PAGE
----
While similar in many ways, Christotelic preaching emerged as a response to an aberrant view of Christocentric preaching that neglected authorial intent in order to focus on Christ. Unfortunately, some Christotelic proponents remain so bound to the historical setting that they too say Christ can only be preached from texts that are clearly messianic. In other words, most of the Old Testament should be preached without explicitly reference Christ’s death, resurrection, or second coming. Their argument presents numerous weaknesses. First, some argue that Old Testament authors did not understand that what they wrote related to Christ. However, we cannot assume to know the minds of the Old Testament authors outside of what they wrote. On the contrary, numerous New Testament passages testify that the Old Testament prophets and the righteous within Israel understood that what they wrote ultimately pointed to the New Testament era, and they longed to experience that New Covenant reality (Matt 13:17, 1 Pet 1:10–12, Heb 11). They might not have known every detail, but they knew enough to understand and desire the salvation that came with Christ’s atoning work. Second, some Christotelic preachers say that a Christocentric interpretation neglects a Jewish understanding of the text. Yet, Christ and the apostles constantly rebuked the Jewish community for misunderstanding the Scriptures. This misunderstanding is due to God’s own work in partially veiling the truth—that the Old Testament is about Christ (Matt 13:10–17; Rom 11:25). Attempts to read the Old Testament without Christ is like trying to put together a puzzle without knowing the overall picture or trying to see through a camera lens that has not been focused. Third, Christotelic preachers sometimes interpret the Old Testament’s original meaning as if the Old Testament can be directly applied to contemporary believers. The church, however, is a part of the New Covenant. Everything is different now that Christ has come. An Old Testament passage cannot be applied to contemporary Christians without first filtering it through Christ’s work, or the preacher runs the risk of assuming that Old Covenant Israel and the New Testament church are identical. If not for Christ, how does God’s promise of physical blessings in Joshua 1 relate to Christians today? If Christ is not included, then Christotelic preaching runs the risk of presenting law without grace or physical blessings rather than spiritual benefits. If an abuse of Christocentric preaching is allegorization, an abuse of Christotelic preaching is moralizing the Old Testament law and narratives.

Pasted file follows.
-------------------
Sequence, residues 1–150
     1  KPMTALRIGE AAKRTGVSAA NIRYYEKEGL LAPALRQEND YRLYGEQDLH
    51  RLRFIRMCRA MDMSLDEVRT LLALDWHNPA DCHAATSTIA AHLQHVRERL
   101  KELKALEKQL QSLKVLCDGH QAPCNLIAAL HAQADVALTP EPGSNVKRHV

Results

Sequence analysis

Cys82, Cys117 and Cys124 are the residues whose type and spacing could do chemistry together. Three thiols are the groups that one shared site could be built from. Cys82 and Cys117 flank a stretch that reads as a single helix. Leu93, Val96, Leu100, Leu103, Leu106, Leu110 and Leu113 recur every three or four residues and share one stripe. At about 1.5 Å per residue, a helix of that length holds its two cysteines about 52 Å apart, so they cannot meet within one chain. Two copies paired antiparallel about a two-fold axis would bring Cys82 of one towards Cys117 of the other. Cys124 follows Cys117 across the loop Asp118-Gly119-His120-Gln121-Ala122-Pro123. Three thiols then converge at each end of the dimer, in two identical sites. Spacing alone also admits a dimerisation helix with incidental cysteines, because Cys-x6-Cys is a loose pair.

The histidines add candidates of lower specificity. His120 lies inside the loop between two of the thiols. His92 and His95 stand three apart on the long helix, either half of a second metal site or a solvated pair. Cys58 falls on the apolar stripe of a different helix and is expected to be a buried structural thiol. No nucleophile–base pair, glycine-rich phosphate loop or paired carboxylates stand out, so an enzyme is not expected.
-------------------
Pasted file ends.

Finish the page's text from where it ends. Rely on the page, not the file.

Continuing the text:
Be that as it may, the debate between Christocentric preaching and Christotelic preaching ultimately is a question of correct definition rather than a conflict over mutually exclusive hermeneutics. As long as Joe the preacher believes that the text’s meaning is grounded in the author’s original intent and that every passage in the Old Testament ultimately leads to Christ, Joe can learn from both the Christotelic and Christocentric supporters in how to preach Christ.
Mike Mills is the Associate Pastor of Families and Music at First Baptist Church in Princeton, Texas, and is a Ph.D. student in Southwestern’s School of Preaching.